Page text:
Beyonce Talks Justin Timberlake Collaboration, ‘Powerful’ Influence and ‘Crazy’ Personal Archive
The 31-year-old entertainer, and, in case you forgot, Blue Ivy's mom, opens up about her unyielding work ethic, her connection to the Super Bowl and her influence on the masses.
"I now know that, yes, I am powerful," the blonde bombshell tells GQ. "I’m more powerful than my mind can even digest and understand.” Granted she is. When Bey switches up her hairstyle, legions of fans run to salons to mimic the singer's luscious locks. When she told millions of listeners to "put a ring on it" in her famed song 'Single Ladies,' the phrase became a cultural phenomenon. After all, how many times did you utter those five words?
Next month, she'll perform at Super Bowl XLVII, putting on what can only be a grand affair during the halftime show. She's a singer, yes, but in her eyes, that's not far off from the same football players who will take the field on Feb. 3.
"One of the reasons I connect to the Super Bowl is that I approach my shows like an athlete,” Beyonce explains. “You know how they sit down and watch whoever they’re going to play and study themselves? That’s how I treat this. I watch my performances, and I wish I could just enjoy them, but I see the light that was late.
"I see, ‘Oh God, that hair did not work.’ Or ‘I should never do that again.’ I try to perfect myself. I want to grow, and I’m always eager for new information.”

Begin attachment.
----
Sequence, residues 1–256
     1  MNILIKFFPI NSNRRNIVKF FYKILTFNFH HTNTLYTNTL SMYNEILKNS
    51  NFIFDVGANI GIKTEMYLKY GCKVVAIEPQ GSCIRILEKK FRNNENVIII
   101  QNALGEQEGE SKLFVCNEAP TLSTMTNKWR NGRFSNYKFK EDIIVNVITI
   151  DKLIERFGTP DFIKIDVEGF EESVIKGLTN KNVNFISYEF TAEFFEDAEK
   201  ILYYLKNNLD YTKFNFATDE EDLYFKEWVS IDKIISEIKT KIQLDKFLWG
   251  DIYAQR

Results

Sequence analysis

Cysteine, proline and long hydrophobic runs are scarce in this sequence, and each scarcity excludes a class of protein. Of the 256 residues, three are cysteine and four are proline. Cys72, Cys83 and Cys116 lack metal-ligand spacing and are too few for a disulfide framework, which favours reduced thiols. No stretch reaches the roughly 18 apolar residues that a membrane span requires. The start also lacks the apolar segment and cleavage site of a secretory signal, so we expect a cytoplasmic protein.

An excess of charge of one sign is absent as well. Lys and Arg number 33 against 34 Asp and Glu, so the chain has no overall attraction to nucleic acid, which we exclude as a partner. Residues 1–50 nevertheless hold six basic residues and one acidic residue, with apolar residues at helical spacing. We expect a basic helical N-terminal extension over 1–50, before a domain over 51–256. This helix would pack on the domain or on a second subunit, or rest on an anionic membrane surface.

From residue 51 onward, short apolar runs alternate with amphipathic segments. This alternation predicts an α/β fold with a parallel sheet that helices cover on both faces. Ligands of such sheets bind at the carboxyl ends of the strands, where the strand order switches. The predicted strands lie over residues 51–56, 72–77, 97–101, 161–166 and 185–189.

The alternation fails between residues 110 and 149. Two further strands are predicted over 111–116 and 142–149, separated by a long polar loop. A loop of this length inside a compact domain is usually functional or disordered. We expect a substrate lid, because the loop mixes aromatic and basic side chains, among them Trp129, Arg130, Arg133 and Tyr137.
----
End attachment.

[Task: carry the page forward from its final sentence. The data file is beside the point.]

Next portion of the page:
One interesting aspect of the GQ interview is the official Beyonce archive. Writer Amy Wallace had a chance to walk into the temperature-controlled digital-storage facility that sits inside the chanteuse's midtown Manhattan office. The space contains virtually every interview she’s given; every photograph of her; every video of the shows she's performed; every diary entry recorded on her laptop.
Her previously recorded songs may live elsewhere -- there's no mention of her chart-topping hits in the archive. However, she does give some details on tracks that will appear on her fifth opus, set for release this year. Beyonce's recorded roughly 50 songs for the effort and has logged studio time with some familiar friends who were around during her come-up.
“I’ve been working with Pharrell and Timbaland and Justin Timberlake and Dream," she reveals. "We all started in the ’90s, when R&B was the most important genre, and we all kind of want that back: the feeling that music gave us.”
The February issue of GQ featuring Beyonce hits newsstands nationwide Jan. 22.
Watch Beyonce's 'Single Ladies (Put a Ring on It)' Video